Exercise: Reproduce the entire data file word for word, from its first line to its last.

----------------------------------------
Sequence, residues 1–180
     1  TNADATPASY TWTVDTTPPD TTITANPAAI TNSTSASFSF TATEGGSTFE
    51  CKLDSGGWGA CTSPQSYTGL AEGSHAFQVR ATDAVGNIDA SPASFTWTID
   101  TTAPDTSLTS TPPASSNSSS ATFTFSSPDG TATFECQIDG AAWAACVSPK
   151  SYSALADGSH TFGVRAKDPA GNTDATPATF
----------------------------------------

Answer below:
Sequence, residues 1–180
     1  TNADATPASY TWTVDTTPPD TTITANPAAI TNSTSASFSF TATEGGSTFE
    51  CKLDSGGWGA CTSPQSYTGL AEGSHAFQVR ATDAVGNIDA SPASFTWTID
   101  TTAPDTSLTS TPPASSNSSS ATFTFSSPDG TATFECQIDG AAWAACVSPK
   151  SYSALADGSH TFGVRAKDPA GNTDATPATF